While I encourage developers to use shorthand for padding and margins, I would also like to point out that there will be times when using longhand notation may be the better choice. Of course, in a case like this, it’s usually up to personal preference. But I have found certain instances where longhand notation made more logical sense from a performance perspective, as well as from a future-maintenance perspective.
It seems like this should be one of the easiest things to understand in CSS. If you want a block-level element to fill any remaining space inside of its parent, then it’s simple — just add width: 100% in your CSS declaration for that element, and your problem is solved.
Not so fast. It’s not quite that easy. I’m sure CSS developers of all skill levels have attempted something similar to what I’ve just described, with bizarre results ultimately leading to head scratching and shruggingly resorting to experimenting with absolute widths until we find just the right fit. This is just one of those things in CSS that seems easy to understand (and really, it should be), but it’s sometimes not — because of the way that percentages work in CSS.
While doing some testing for cross-browser compatibility on a few of my recent articles/tutorials, I came across some odd behaviour in Opera 10.53 when styling a list of links as block-level elements.
I haven’t done enough testing, but it could be that this problem is occurring on pages with very little content, because I’ve only seen the bug on my demo pages, which are usually bare-minimum HTML and CSS.
Nonetheless, this is quite an interesting bug that was confirmed by at least one of my Twitter followers, and which, after poking around a little bit, I was able to resolve, but I thought I’d share it since it is quite interesting.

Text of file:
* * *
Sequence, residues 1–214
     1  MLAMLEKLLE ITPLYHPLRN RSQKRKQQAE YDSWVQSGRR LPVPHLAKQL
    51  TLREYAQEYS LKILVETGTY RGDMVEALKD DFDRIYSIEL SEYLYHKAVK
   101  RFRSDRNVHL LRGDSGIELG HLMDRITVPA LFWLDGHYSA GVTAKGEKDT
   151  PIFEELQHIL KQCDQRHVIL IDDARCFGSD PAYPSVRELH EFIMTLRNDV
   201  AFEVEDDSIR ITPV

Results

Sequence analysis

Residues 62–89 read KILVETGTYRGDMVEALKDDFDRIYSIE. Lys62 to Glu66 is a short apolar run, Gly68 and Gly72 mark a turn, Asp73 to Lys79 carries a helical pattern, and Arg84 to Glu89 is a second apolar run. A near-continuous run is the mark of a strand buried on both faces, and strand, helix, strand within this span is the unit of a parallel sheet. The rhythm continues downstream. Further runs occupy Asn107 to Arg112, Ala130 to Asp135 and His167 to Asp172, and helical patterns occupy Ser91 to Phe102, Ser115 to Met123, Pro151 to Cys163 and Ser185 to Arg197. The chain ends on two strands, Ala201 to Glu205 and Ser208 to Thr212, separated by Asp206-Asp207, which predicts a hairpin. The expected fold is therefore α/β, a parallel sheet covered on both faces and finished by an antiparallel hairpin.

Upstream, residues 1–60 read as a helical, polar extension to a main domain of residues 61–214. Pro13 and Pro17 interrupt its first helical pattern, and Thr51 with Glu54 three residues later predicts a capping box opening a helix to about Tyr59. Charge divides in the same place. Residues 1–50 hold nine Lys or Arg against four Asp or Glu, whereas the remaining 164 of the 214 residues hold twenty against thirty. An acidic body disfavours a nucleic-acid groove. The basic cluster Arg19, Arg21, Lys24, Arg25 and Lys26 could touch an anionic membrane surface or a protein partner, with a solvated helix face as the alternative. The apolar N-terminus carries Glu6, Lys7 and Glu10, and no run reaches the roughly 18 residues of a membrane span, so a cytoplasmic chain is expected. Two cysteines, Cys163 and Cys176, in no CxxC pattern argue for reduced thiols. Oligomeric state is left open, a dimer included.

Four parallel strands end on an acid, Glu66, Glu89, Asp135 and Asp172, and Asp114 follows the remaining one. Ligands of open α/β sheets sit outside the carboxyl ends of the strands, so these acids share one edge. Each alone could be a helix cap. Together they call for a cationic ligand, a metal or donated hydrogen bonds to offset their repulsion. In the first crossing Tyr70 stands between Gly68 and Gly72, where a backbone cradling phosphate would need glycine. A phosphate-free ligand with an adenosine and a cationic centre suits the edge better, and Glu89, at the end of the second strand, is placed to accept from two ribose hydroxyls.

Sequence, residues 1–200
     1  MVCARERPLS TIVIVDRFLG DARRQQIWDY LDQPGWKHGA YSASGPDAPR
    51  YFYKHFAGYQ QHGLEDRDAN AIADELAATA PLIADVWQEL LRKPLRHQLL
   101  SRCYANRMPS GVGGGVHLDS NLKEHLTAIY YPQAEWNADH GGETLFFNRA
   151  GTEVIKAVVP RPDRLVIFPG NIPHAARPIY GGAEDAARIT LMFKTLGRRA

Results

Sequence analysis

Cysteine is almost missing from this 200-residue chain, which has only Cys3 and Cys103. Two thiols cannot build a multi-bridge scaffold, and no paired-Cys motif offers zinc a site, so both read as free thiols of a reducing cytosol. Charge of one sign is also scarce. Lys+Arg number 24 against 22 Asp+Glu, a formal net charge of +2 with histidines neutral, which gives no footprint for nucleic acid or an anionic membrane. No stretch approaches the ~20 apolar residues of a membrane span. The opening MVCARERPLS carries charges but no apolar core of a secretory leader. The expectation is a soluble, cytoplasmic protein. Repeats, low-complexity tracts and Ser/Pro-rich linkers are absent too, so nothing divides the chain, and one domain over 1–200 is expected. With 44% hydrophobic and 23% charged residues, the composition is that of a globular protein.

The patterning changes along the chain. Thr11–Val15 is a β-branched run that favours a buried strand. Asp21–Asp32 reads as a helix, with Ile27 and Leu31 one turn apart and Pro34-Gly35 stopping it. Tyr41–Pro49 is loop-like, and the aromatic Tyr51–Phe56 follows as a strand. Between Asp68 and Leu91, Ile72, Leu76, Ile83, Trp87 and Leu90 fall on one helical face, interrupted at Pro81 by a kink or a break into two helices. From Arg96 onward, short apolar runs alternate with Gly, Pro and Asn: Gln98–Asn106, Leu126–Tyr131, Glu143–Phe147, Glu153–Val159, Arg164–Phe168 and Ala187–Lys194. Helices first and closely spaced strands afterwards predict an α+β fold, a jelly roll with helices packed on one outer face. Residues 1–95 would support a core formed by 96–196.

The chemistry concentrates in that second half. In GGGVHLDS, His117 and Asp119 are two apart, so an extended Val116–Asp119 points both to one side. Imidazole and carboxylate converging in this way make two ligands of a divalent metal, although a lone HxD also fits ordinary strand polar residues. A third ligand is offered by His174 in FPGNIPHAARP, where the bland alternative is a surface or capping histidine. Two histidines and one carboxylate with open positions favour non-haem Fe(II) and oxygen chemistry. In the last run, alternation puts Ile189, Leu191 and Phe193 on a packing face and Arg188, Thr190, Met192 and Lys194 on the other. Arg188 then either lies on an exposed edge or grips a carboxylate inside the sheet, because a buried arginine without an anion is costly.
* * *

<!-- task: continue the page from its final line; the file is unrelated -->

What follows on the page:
Since CSS3 has become such a big deal in the future-thinking minds of web designers today, I think it would be appropriate for front-end developers to begin formulating some best-practice habits and techniques so that any CSS3 development we do is done right, and we therefore are able to get CSS3 development off to a good start.
By no means do I assume that everything in this article is etched in stone and error-free, but I think this will be a good starting point for this topic, and I will be happy to add to or amend any points that anyone feels need adjusting or clarification.
Consider this a starting point for discussing best practices for CSS3, especially since there don’t seem to be any articles available yet that exclusively discuss CSS3 best practices.
Recently, Chris Spooner of Line25 wrote a tutorial describing how to create a letterpress effect with CSS3’s text-shadow property.
In another article, Chris Coyier of CSS Tricks showed how he makes all the text links on his website feel more button-like using a simple bit of CSS positioning.
During a recent project I was working on, while messing around with the CSS3 text-shadow property, I serendipitously came across a simple way to combine the two different effects from those two articles to create a letterpress effect on active link states.